Tag Archive for two kinds

World Lit: I Remember…

Standard: ELAGSE9-10W3 Write narratives to develop real or imagined experiences or events using effective technique, well-chosen details, and well-structured event sequences.

  1. Engage and orient the reader by setting out a problem, situation, or observation, establishing one or multiple point(s) of view, and introducing a narrator and/or characters; create a smooth progression of experiences or events.
  2. Use narrative techniques, such as dialogue, pacing, description, reflection, and multiple plot lines, to develop experiences, events, and/or characters.
  3. Use a variety of techniques to sequence events so that they build on one another to create a coherent whole.
  4. Use precise words and phrases, telling details, and sensory language to convey a vivid picture of the experiences, events, setting, and/or characters.
  5. Provide a conclusion that follows from and reflects on what is experienced, observed, or resolved over the course of the narrative.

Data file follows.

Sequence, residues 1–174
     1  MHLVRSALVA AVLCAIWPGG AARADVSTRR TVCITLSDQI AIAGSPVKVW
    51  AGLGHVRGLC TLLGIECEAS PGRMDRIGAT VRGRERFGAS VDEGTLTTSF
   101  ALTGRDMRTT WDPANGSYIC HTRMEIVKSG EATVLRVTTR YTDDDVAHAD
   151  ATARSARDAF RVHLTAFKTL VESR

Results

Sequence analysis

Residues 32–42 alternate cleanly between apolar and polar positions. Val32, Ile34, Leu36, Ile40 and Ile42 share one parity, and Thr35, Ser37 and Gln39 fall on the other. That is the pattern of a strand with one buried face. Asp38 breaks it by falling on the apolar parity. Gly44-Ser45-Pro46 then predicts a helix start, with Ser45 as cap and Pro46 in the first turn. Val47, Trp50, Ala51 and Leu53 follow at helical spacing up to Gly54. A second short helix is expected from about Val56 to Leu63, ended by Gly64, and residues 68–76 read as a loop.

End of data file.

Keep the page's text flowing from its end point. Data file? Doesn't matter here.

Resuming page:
Learning Target: I can compose a narrative about my childhood that begins to show my cultural identity through a story.

Opening Session: Sounds every 2010s kid will remember…do y’all know these? Because I feel so old right now

Work Session: Get out the memory maps we did last week and take a few minutes to read through what you wrote. Then, share your map with a friend and chat about the memories you wrote down, which ones are most important, and which ones you might have forgotten until just now. We’re going to use this map to do your first draft of our cultural identity essay!

After everyone has a chance to chat, I want you to sit down and write a journal entry for me. Take about ten or fifteen minutes and write 4ish paragraphs, using this format:

I remember…

I remember…

I remember…

But mostly I remember…

Your end piece might diverge from that, but let’s start there. Fifteen minutes to write. Go!

When time is up, take a minute to grab a laptop and let’s log into OneNote and look at how this works! I am super excited for our class notebook 🙂